Arts & Life

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Movie Reviews
9:07 am
Fri March 21, 2014

It's Either Art Or A Fire Hose, And We're Calling It The Latter

James (James Franco) is a retired actor who may or may not be suffering from a degenerative mental illness in Maladies, an art film from New York painter, sculptor and filmmaker Carter.
Tribeca Films

Originally published on Thu March 20, 2014 3:10 pm

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Movie Interviews
9:07 am
Fri March 21, 2014

From Action Hero To Teenage Nerd, Shailene Woodley Has Range

Shailene Woodley, pictured at this year's Independent Spirit Awards, stars in the forthcoming Divergent, a big-screen adaptation of the first book in Veronica Roth's dystopian trilogy.
Kevin Winter Getty Images

Originally published on Fri March 21, 2014 4:45 am

"I'm sorry you have to see my pancake face."

Those are among Shailene Woodley's first words as she opens the door to a suite in the Beverly Wilshire Hotel. She's got a publicists' luncheon later in the day — otherwise, she explains, under absolutely no condition would she have worn makeup for an interview.

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StoryCorps
9:07 am
Fri March 21, 2014

Animal Rescuers Create Joy Amid Chaos After Exxon Valdez Spill

Suzanne Bishop (left) and LJ Evans met while volunteering at an animal rescue center in Alaska after the Exxon Valdez spill in 1989.
StoryCorps

Originally published on Fri March 21, 2014 9:21 am

It's been 25 years since the Exxon Valdez ran aground off the coast of Alaska, spilling millions of gallons of oil into Prince William Sound.

The impact on wildlife was devastating. Cleanup crews poured into the nearby port town, also called Valdez, where an animal rescue center was set up.

"The chaos is incredibly difficult to describe or even imagine," says LJ Evans, a local resident who volunteered to help. "Somebody came back with the first bird — the reporters were so frantic, somebody got in a fight trying to take a picture of this poor little oiled bird."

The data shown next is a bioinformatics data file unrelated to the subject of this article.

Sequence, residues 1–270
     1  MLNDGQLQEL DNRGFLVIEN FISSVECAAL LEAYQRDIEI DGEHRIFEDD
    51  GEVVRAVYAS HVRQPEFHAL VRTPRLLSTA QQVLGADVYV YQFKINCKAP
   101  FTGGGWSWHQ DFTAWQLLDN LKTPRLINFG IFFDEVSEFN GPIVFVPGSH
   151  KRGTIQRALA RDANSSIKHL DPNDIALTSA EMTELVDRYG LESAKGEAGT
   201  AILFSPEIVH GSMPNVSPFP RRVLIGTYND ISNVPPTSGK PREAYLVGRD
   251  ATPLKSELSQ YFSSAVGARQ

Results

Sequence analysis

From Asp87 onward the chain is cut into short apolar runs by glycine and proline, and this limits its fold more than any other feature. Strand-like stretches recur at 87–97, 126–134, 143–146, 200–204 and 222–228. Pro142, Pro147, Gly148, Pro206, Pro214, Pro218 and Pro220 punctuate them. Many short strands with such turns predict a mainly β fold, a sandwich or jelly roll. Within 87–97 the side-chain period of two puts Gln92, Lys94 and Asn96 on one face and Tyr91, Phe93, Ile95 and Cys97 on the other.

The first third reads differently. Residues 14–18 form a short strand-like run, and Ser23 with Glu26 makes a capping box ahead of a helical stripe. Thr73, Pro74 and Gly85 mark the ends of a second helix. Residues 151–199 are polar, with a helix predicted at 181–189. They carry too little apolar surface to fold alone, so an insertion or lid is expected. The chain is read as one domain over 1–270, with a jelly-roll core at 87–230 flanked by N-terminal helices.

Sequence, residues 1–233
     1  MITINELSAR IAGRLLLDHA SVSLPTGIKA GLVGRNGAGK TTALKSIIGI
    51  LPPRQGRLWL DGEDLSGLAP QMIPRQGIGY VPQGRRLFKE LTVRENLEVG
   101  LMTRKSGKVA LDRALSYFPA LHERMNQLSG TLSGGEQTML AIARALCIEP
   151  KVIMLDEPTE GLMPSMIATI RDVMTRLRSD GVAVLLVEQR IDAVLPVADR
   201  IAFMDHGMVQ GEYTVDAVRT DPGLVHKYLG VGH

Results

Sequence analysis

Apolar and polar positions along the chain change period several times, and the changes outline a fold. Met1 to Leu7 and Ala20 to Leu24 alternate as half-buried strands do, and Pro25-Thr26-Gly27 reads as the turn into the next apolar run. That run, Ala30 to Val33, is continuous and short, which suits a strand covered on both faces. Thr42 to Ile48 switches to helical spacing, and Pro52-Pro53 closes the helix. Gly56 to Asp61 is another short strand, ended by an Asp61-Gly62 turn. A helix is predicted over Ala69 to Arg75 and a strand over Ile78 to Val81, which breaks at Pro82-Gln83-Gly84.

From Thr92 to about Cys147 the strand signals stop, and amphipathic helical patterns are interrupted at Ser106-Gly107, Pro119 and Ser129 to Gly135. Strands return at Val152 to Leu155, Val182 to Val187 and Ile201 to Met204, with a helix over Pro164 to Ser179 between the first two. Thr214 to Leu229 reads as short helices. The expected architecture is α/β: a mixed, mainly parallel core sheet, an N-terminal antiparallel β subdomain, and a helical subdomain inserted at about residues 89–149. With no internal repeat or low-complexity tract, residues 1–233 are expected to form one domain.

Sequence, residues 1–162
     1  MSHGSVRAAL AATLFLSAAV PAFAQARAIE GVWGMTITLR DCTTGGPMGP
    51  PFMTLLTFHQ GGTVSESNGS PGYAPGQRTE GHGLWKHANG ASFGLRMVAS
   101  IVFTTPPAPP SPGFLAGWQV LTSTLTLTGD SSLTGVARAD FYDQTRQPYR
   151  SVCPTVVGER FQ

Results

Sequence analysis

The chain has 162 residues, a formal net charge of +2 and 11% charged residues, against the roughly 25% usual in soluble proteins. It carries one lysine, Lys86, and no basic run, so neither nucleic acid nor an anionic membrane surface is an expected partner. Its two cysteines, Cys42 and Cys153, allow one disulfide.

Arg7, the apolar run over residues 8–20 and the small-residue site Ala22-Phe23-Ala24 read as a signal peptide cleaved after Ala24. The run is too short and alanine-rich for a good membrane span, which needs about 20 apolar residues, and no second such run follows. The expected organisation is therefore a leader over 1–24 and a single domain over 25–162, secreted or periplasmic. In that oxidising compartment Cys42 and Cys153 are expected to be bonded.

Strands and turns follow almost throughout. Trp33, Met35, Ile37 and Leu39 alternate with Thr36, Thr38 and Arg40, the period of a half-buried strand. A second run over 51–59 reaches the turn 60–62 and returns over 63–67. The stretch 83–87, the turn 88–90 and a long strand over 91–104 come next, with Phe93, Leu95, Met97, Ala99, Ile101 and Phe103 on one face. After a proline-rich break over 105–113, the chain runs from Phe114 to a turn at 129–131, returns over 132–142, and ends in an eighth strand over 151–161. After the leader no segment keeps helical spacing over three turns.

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Preoccupation With Safety
7:39 am
Fri March 21, 2014

Kids These Days: Growing Up Too Fast Or Never At All?

Hanna Rosin says when kids do things that feel risky on a playground, it allows them to conquer a fear and gain independence.
Fox Photos Getty Images

Originally published on Fri March 21, 2014 3:20 pm

On the cover of the April issue of The Atlantic there's a picture of a boy who could be 6 or 7. He's looking to the right toward an adult, whose hand he's holding. He's also wearing a helmet and knee pads. And — for further protection — he has a pillow strapped to his torso.

The cover art is for Hanna Rosin's article, "Hey Parents: Leave Those Kids Alone," about the overprotected child.

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Science & Technology
3:20 pm
Thu March 20, 2014

Seattle Mini Maker Faire To Showcase Wacky Inventions

Seattle Mini Maker Faire in 2013.
Flickr Photo/majorbonnet (CC BY-NC-ND)

Steve Scher talks with Christin Boyd, founder and organizer of the Seattle Mini Maker Faire, about the "Maker Movement" and what we can expect to see this weekend at the the third annual event.

The Seattle Mini Maker Faire takes place at the EMP Museum from 10 a.m. to 5 p.m. on March 22-23.

Author Interview
3:15 pm
Thu March 20, 2014

How Private Funding For Science Is A Dangerous Trend

Philip Mirowski's book, "Science Mart."

David Hyde talks with Philip Mirowski, author of "Science Mart: Privatizing American Science," about why he thinks the move to privately funded science is undermining the quality of the research.

"The types of science that are being done are changing, and the way in which science is being done is changing," Mirowski said. "In fact, the quality of some of the science is being affected by it too."

Java History
3:08 pm
Thu March 20, 2014

How Coffee Sobered Up The Modern World

Mark Pendergrast's book, "Uncommon Grounds."